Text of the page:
Before the Giants lost to the Cardinals on Saturday afternoon, San Francisco star catcher and Leesburg native Buster Posey was presented his NL MVP trophy.
SAN FRANCISCO — In Tim Lincecum’s first start of 2013, catcher Buster Posey played first base.
Speculation was hot and heavy last year that the two had a strained relationship. Posey didn’t catch Lincecum much, but both of them, along with manager Bruce Bochy, denied there were any issues between them. In fact, they looked perfectly fine together in the postseason, when Lincecum dominated in relief while throwing to Posey.
In the third game this season, Posey was at first because first baseman Brandon Belt had a stomach illness. So Hector Sanchez caught.
Here we go again.
“I’ll still be answering this question,” said Bochy, referring to the reasons he didn’t pair Posey with Lincecum. “But I’m telling the truth.”
Posey, a native of Leesburg and the 2012 NL MVP, didn’t catch Lincecum much in spring training, either. But Lincecum missed a couple of starts with a finger blister.
Anyway, with Posey at first, Lincecum lasted five innings, barely. He walked seven Dodgers (tying a career high) but got credit for the win, and he got a vote of confidence when Bochy left him in (after a visit to the mound) with two outs in the fifth. Lincecum got the final out to qualify for the win.
He held the Dodgers to two earned runs and three hits, but it wasn’t pretty.
“He showed he’s got the ability to keep his poise and make pitches when he has to and not have things go awry, which sometimes happened last year,” Bochy said.
Lincecum’s next start will be at home against the Rockies on Tuesday.
“I just try to pitch with my heart out there when I know things aren’t going well,” said Lincecum, summing up his attitude in tough times while declining to comment on why Posey didn’t catch him.
And there were plenty of tough times in 2012 when Lincecum posted a 5.18 ERA.
Now he’s pitching for a new contract and pride, wanting to show last year was an aberration, not a sign of things to come.
Posey honored, Beltran’s three RBI lift Cardinals against his former team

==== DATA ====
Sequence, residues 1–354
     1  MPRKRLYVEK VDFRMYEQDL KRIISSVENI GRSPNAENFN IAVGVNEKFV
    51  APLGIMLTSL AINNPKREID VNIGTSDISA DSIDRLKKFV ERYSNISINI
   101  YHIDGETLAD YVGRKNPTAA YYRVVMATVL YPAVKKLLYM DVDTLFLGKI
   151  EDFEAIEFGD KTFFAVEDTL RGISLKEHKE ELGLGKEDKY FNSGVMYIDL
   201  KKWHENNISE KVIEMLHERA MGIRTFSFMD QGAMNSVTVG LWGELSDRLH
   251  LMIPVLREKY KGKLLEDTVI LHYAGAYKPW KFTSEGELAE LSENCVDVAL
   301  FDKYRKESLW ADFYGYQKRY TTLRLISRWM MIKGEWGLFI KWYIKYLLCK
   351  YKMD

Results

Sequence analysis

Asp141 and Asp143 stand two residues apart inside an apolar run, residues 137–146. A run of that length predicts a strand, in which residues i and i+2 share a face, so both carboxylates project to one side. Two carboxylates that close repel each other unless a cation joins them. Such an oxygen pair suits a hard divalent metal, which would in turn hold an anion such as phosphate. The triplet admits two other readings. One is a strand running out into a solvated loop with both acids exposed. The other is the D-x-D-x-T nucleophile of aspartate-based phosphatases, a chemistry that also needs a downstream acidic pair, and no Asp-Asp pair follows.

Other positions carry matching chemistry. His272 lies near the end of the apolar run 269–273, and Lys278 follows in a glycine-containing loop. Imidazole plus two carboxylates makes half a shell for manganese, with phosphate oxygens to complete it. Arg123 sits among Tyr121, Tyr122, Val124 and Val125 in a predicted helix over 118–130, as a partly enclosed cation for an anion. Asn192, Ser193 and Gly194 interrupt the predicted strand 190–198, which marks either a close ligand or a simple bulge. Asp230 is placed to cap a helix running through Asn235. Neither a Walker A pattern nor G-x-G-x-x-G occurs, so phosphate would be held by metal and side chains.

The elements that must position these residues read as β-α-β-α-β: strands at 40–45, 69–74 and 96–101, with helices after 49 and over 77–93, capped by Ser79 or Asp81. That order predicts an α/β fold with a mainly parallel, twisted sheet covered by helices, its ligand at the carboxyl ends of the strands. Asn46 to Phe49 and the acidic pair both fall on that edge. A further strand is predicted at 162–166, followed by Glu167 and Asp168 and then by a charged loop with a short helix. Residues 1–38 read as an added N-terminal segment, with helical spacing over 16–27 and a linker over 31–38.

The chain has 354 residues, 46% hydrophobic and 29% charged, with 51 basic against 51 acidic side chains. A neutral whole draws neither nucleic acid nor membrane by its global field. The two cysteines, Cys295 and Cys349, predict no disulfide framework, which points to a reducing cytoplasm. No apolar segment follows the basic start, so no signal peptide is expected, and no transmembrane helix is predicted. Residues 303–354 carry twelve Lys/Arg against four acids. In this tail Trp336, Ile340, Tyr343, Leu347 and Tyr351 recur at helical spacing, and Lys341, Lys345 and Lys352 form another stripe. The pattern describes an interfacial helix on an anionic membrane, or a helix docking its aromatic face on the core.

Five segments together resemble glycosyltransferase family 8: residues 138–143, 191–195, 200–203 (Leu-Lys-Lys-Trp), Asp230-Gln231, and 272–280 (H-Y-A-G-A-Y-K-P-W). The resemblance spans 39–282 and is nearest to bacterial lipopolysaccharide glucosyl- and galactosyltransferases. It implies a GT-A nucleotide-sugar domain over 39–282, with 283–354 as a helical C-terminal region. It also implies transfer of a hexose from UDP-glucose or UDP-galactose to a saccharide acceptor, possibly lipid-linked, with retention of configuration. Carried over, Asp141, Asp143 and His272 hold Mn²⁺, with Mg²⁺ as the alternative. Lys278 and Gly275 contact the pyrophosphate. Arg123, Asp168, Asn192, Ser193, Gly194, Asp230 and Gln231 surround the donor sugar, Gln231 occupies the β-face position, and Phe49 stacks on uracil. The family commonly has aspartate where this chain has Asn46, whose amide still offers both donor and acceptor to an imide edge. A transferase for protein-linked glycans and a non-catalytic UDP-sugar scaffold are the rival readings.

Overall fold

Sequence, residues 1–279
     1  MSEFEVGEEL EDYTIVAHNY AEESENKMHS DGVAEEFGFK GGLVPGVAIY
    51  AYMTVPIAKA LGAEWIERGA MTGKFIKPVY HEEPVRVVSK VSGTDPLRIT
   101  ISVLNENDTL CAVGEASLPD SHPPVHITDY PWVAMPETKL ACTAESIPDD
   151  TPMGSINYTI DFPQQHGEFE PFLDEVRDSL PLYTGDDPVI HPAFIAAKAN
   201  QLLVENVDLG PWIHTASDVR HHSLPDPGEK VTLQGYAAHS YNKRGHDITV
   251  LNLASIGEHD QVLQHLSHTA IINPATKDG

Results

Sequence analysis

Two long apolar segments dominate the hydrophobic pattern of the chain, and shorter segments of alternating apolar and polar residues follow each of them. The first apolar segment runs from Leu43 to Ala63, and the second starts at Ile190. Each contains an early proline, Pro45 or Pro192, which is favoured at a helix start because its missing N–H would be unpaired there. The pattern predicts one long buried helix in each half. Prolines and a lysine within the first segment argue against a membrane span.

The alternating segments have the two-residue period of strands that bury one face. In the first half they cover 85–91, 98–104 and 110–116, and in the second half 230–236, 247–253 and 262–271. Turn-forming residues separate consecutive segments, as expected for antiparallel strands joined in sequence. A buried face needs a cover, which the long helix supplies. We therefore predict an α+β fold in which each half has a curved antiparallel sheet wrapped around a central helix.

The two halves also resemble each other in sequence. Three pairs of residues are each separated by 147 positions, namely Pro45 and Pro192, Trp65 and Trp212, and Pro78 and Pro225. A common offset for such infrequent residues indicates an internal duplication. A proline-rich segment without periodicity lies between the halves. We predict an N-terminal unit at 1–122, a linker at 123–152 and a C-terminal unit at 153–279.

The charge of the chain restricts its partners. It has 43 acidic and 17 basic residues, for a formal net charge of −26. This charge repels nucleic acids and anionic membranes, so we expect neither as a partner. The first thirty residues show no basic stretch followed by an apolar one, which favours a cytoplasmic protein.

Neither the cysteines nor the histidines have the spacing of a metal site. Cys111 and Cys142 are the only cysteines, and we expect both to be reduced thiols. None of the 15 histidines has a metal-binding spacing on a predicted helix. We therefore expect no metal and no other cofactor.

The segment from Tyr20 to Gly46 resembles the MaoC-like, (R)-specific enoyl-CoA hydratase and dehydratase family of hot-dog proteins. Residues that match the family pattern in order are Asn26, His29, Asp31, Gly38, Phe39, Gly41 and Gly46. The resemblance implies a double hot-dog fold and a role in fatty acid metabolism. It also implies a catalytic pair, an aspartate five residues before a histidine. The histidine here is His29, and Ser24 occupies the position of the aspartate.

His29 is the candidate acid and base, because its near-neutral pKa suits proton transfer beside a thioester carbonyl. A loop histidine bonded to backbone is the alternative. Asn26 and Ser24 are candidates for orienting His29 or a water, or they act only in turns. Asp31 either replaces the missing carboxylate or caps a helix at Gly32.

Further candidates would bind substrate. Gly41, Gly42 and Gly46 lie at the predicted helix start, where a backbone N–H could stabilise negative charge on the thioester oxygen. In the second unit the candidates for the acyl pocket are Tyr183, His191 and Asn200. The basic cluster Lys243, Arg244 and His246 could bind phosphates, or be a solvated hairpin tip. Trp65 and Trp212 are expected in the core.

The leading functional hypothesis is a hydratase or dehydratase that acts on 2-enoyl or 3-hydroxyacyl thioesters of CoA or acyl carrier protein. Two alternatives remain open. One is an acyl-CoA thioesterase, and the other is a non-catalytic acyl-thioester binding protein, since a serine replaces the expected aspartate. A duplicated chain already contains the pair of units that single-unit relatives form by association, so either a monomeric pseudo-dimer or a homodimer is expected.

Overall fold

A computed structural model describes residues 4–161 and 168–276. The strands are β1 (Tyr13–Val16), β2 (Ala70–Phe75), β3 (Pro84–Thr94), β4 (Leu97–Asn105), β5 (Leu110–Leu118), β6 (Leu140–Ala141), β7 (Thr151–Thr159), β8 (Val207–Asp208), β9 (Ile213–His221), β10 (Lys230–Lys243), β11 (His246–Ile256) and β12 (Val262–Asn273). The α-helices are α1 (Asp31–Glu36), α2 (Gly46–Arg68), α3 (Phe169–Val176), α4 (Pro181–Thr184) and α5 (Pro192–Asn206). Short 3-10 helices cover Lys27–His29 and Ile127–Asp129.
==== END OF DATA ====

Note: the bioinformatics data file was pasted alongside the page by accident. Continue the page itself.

SAN FRANCISCO -- Carlos Beltran heard boos every time he came to the plate on Saturday at AT&T Park.
Then he did something to make it worse: He got hits.
Beltran exacted a bit of revenge against his former part-time employer, driving in three runs, two on a tiebreaking, two-out single in a three-run fifth inning, lifting the St. Louis Cardinals to a 6-3 victory over the San Francisco Giants.
“Of course (I heard the boos). I’m not deaf,” the Cardinals right fielder said after getting his first RBI of the season. “There’s not a person in the world who likes to be booed, but it’s part of the game. You have to deal with it.”
Beltran’s productive afternoon came on a day the Giants set aside to honor catcher Buster Posey, presenting him his 2012 National League Most Valuable Player plaque in an on-field ceremony immediate preceding the game’s first pitch.
With Posey out with a broken leg, Beltran played 44 games for the Giants as a rental player in the stretch run of the 2011 season in the club’s unsuccessful bid to catch the Arizona Diamondbacks for the National League West title. The Giants’ 167th consecutive sellout vented its frustration on him, unwilling to forget his inability to be a difference-maker two years ago.
“I’m not trying to beat the fans,” Beltran said. “I’m trying to beat the team.”
The switch-hitter certainly was a difference-maker Saturday, first snapping the Giants starting pitchers’ season-opening streak of innings without allowing an earned run at 26 2/3 with a two-out RBI single in the first inning that plated Matt Carpenter.
But it was the fifth-inning shot into right field that brought home Carpenter and Matt Holliday and broke a 2-2 tie that Giants fans had envisioned when Beltran was acquired on July 28, 2011.
Beltran, who left the club as a free agent that off-season, signing with the Cardinals, began the day hitting .100 as St. Louis had lost three of its first four.
“Today was a game where we scored a lot with two outs. That’s big for any team,” said Beltran, whose two run-producing hits both came with two down. “We’ve got a lot of guys here who take a lot of pride hitting in those situations.
“This is a good team, man. Guys from top to bottom who can do the job. It’s fun as a player, you just want to be part of it.”